Finally, let us consider the soft gluon limit whose \(\lambda _1\) form factor has recently being computed using full QCD lattice simulations [27]. The data was investigated in [29] revealing an important contribution to \(\lambda _1\) linked with the gluon propagator. Our estimation of \(\lambda _1\) in the soft gluon limit can be seen on Fig. 43 – see the full curve in black. This curve was (arbitrarely) normalised to reproduce the lattice data at 1 GeV of the \(\beta = 5.29\) and \(M_\pi = 295\) MeV simulation3 Clearly, our ansatz underestimates \(\lambda _1\) in the infrared region. As discussed in [29], in the soft gluon limit
$$\begin{aligned} \lambda _1(p^2) = \frac{F(0)}{Z(p^2)} \bigg \{ 1 + 2 \, M(p^2) \, X_1(p^2) - 2 \, p^2 \, X_3(p^2) \bigg \}, \end{aligned}$$
(84)
where p is the quark incoming momenta, and in our notation
$$\begin{aligned} X_1(p^2) \rightarrow D ( p^2 ) \, Y_1(0) ~ ~ \text{ and } ~ ~ X_3(p^2) \rightarrow D( p^2 ) \, Y_3(0) .\nonumber \\ \end{aligned}$$
(85)
Our solutions has \(Y_1(0) \approx 0\) GeV and \(Y_3 (0) \approx 0\) and, therefore, it underestimates \(\lambda _1 (p^2)\) in the infrared region. Note that herein \(Y_1\) and \(Y_3\) are assumed to be a function only of the gluon momentum and, due to the integration over the gluon momenta q in the Dyson–Schwinger equations, these form factor are multiplied by \(q^3\) that, possibly, prevent the inversion to resolve correctly \(Y_1(q^2)\) and \(Y_3(q^2)\) in the deep infrared region. If in the calculation of the soft gluon limit one assumes that \(Y_1(0)\) deviates from zero by a small quantity, the agreement with the lattice data is considerably improved both in the infrared and in the ultraviolet. This is represented by the two full curves in colour of Fig. 43 where \(Y_1(0)\) is set to a small value. The colour curves suggest a \(Y_1(0) \sim 0.05\)–0.07 GeV. Further, the agreement in the ultraviolet region can also be improved if \(Y_3(0) \) assumes small and positive values; recall that \(Y_3(q^2)\) approaches zero from the above when \(q^2 \rightarrow 0\) as can be seen on Fig. 35.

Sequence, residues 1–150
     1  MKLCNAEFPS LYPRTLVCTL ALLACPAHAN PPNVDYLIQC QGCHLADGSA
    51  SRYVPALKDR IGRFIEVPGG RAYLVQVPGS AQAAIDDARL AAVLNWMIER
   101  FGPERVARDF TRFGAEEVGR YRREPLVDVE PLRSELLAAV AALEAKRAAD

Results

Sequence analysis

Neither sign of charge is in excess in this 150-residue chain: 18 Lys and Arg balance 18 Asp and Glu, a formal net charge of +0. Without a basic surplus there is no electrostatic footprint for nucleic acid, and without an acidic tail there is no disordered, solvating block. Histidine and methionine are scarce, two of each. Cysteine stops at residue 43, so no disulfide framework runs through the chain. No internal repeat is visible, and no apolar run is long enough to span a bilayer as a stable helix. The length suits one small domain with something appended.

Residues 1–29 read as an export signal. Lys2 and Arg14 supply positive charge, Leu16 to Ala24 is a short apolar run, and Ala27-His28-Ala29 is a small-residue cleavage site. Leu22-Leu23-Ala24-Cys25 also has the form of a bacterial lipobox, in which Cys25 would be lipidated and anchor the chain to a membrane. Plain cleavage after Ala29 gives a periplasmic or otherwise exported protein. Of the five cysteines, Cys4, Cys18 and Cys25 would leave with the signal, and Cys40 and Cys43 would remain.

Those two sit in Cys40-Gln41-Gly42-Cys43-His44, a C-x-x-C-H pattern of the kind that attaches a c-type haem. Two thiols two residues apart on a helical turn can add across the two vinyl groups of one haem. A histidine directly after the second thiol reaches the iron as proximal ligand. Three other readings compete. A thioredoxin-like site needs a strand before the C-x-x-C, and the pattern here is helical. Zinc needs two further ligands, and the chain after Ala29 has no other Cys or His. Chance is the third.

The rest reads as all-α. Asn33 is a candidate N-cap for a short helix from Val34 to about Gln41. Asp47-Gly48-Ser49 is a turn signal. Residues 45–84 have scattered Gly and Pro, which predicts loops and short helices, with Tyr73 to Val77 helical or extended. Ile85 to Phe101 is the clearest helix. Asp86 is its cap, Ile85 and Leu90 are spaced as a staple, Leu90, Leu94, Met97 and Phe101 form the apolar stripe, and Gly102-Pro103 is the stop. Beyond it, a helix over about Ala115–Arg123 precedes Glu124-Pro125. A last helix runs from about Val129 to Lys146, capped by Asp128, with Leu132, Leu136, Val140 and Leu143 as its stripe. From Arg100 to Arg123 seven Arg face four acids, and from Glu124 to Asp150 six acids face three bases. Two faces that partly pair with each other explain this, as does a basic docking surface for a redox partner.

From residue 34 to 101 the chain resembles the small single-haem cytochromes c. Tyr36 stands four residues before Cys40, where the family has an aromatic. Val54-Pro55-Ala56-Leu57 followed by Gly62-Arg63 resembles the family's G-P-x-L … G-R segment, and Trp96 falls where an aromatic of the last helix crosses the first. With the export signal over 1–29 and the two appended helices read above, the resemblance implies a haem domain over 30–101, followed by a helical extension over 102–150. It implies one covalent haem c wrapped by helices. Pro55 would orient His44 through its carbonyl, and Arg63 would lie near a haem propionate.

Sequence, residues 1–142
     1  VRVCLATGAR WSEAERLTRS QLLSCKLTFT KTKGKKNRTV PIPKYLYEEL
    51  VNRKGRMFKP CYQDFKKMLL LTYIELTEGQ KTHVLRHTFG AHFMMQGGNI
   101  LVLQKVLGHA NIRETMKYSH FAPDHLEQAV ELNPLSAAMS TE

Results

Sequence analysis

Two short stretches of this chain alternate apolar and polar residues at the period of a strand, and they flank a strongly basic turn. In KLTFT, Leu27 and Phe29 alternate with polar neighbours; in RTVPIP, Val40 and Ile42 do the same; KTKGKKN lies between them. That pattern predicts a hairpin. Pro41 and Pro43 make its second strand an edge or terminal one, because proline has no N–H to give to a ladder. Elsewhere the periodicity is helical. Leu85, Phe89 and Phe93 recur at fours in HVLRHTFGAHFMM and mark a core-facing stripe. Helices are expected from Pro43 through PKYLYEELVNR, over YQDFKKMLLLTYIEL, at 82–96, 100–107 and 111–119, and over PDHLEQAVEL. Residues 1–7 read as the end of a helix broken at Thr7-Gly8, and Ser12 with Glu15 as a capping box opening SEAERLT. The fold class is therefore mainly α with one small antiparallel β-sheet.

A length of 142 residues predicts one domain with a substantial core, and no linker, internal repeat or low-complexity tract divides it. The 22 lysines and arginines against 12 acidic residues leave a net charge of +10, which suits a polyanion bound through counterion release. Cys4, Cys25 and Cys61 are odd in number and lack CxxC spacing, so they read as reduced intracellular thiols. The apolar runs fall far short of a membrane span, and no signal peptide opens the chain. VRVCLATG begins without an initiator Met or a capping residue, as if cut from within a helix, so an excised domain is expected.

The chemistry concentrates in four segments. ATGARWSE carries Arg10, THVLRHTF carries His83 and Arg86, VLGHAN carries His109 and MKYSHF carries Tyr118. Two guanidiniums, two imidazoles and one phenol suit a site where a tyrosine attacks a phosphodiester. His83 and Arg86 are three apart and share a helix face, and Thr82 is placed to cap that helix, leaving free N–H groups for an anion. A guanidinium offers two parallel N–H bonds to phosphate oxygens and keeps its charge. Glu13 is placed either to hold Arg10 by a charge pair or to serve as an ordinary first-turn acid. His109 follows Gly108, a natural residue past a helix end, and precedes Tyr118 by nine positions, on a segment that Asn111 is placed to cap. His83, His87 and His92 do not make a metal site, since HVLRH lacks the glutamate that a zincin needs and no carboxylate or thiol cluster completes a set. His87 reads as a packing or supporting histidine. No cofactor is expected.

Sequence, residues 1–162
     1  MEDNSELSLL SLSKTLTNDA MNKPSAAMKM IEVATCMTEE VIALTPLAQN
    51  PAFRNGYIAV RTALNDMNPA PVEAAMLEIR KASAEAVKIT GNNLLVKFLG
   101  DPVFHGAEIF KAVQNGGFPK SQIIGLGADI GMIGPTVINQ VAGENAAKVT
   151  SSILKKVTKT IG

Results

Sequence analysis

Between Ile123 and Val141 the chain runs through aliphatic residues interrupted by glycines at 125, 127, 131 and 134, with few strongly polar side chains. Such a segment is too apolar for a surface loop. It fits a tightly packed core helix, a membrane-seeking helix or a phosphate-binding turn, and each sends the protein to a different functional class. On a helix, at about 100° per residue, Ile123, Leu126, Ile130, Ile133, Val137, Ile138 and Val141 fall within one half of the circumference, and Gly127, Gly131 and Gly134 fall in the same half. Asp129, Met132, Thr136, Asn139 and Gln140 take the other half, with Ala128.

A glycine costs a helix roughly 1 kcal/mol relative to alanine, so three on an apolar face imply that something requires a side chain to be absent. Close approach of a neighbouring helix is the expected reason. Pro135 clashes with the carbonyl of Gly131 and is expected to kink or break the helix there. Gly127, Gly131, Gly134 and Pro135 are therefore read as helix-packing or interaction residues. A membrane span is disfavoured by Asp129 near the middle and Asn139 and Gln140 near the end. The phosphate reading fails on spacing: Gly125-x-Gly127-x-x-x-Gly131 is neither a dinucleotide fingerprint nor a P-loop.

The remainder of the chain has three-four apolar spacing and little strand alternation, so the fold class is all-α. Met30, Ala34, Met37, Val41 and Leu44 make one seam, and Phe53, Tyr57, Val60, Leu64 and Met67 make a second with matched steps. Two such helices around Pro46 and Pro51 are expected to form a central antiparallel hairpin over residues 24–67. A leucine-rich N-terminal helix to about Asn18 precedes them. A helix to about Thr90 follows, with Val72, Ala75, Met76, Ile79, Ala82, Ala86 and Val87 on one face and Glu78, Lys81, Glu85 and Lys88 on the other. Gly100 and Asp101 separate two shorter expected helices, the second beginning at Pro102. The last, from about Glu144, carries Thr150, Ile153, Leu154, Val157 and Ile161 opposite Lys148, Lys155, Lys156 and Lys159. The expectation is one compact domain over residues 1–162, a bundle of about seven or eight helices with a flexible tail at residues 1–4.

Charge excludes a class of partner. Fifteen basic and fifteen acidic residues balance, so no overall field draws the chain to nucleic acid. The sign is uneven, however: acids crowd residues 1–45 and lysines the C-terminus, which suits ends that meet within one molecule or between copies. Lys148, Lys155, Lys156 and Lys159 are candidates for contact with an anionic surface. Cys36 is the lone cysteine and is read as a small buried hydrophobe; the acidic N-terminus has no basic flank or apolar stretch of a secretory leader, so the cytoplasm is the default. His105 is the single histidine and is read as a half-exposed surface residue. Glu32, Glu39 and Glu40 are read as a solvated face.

8 Summary and conclusions

In this work we investigated the non-perturbative regime of the Landau gauge quark-gluon vertex (QGV), taking into account only its longitudinal components, and relying on lattice results for the quark, gluon and ghost propagators, together with continuum exact relations, namely a Slavnov–Taylor identity and the quark propagator Dyson–Schwinger equation. Furthermore, we incorporate the exact normalisation condition for the quark-ghost kernel form factor \(X_0\) derived in [17]. In addition, we take into account an empirical relation that links the gluon propagator and the soft gluon limit of the form factor \(\lambda _1\) checked against full QCD lattice simulations [29]. The full set of the quark-ghost kernel tensor structures are taken into account to build an ansatz for the longitudinal quark-gluon vertex that is a function of both the incoming quark p and gluon q momenta, and the angle between p and q.

The quark-ghost kernel requires four scalar form factors \(X_0\), \(X_1\), \(X_2\), \(X_3\) [38]. For the construction of the quark-ghost kernel a perfect symmetry between incoming and outgoing quark momentum is assumed, which simplified the description of the QGV in terms of \(X_0\), \(X_1 = X_2\) and \(X_3\). Charge conjugation demands that for the soft gluon limit, defined by \(q = 0\), \(\lambda _4 = 0\) and our construction implements such constraint. Noteworthy to mention that our ansatz goes beyond the Ball-Chiu type of vertex [6] and includes it as a particular case, when \(X_1 = X_3 = 0\) and \(X_0 = 1\).